I strode closer to my nightstand, picking up the heavy pewter frame she’d had engraved for my birthday in senior year. Brittany had been my high school sweetheart, and looking at her, even now, set off a wave of feelings I hadn’t thought I was still capable of feeling.
God, I was so in love with her. I’d always considered going into the Air Force, but I’d known my parents wanted me to stay here in North Carolina.
For Brittany, I would’ve stayed. When she broke it off with me, though, there was nothing holding me back. I was in the recruitment office the very next day, and I left right after graduation.
There hadn’t been time to think much of the life I’d left behind here before I’d come back. I hadn’t even thought about Brittany since getting the call. Dad’s heart attack had set off a chain of events that had happened so fast, it had made my head spin.
One day, I’d been on a base at the other side of the world, and the next, I was on my way back here. The entire flight back to States I’d spent preparing so I could hit the ground running. I’d been emailed a file on the most urgent business I needed to take care of at American Aviation, and getting on top of things was going to be a feat.
I’d been back on my home base for less than twenty-four hours just to get some sleep and sign my name on a million dotted lines. Then I’d climbed into my favorite car to make the drive back to Raleigh. The other two cars I’d left behind.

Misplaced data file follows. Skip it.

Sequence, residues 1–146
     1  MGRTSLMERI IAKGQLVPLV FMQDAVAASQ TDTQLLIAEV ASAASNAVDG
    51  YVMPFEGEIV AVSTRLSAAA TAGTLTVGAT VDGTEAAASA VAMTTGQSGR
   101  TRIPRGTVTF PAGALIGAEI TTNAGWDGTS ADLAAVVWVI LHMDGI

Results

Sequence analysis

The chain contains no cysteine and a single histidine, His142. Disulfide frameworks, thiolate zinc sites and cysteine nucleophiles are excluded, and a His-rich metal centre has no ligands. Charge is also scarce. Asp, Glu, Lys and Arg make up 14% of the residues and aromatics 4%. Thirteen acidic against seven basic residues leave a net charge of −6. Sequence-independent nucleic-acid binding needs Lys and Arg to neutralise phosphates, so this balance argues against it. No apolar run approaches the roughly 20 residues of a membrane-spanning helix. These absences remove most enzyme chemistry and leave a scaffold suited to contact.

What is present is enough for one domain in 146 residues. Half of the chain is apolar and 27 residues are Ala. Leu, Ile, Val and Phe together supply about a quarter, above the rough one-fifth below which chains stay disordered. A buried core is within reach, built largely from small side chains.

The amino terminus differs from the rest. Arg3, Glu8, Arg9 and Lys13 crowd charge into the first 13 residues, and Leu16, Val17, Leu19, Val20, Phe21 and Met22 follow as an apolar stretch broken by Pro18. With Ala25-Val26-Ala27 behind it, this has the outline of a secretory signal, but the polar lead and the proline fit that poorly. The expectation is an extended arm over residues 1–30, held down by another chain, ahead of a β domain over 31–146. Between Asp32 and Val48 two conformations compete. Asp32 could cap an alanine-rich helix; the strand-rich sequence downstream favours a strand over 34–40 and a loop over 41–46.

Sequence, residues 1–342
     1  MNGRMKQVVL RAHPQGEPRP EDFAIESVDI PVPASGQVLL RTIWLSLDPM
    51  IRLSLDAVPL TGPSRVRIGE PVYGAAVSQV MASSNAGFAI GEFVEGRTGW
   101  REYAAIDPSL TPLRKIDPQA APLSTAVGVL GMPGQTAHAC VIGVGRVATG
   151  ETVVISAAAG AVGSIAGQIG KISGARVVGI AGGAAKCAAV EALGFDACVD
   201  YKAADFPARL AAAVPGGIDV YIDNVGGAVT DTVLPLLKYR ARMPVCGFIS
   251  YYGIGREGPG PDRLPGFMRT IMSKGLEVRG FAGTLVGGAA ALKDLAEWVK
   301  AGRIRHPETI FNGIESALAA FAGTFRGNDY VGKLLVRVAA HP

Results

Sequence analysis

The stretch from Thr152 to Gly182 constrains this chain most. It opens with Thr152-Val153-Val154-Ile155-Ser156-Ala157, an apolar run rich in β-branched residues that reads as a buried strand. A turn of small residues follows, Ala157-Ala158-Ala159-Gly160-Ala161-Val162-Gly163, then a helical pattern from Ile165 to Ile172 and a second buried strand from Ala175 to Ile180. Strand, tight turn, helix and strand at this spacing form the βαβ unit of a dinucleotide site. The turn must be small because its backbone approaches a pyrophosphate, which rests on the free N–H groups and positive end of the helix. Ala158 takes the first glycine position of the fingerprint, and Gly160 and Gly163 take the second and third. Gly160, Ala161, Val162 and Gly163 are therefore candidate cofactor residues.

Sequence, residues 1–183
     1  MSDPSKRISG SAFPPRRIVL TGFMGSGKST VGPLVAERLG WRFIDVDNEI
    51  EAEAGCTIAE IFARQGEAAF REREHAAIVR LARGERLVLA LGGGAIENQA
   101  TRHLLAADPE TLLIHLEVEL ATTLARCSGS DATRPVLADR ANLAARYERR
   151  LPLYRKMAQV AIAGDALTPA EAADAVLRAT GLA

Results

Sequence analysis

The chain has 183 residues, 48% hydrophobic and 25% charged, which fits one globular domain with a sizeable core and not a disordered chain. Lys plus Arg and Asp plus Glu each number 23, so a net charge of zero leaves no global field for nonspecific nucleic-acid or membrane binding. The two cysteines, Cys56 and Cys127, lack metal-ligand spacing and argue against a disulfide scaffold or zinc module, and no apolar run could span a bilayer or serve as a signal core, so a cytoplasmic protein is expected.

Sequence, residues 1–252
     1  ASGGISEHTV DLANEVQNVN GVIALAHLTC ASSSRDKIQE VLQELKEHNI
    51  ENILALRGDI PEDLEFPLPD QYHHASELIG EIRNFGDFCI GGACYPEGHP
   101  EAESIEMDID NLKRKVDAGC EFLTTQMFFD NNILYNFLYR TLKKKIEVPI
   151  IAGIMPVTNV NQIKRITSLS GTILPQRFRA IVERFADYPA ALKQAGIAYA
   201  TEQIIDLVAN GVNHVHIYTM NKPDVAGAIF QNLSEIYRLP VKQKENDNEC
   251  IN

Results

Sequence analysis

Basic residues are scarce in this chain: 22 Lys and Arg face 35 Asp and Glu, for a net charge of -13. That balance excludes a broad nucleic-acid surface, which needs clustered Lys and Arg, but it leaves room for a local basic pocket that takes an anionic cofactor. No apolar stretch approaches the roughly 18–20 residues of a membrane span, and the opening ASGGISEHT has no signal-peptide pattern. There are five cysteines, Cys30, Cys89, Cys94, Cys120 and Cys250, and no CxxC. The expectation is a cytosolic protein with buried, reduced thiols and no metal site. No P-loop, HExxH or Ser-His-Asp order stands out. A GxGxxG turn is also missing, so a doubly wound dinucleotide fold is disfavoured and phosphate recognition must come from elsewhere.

The wheels of bureaucracy had never moved as fast as they had to make sure I could leave when I did. There were still some i’s to dot and t’s to cross, but nothing I couldn’t take care of from here.
Brittany’s glittering blue eyes smiled at me from the picture. I didn’t even know if she’d stuck around. She never used to have any plans to leave here, but that didn’t mean she never had. Still, I couldn’t help wondering if I would run into her now that I was back and, if I did, how I would feel about it.
It would definitely be interesting, though. Might even make coming back feel good. Who knows?
What I did know was that Brittany Cleaver hadn’t been part of my reasons for coming home, but if she was still here, and if she was still single, she’d sure provide a heck of a reason to enjoy staying.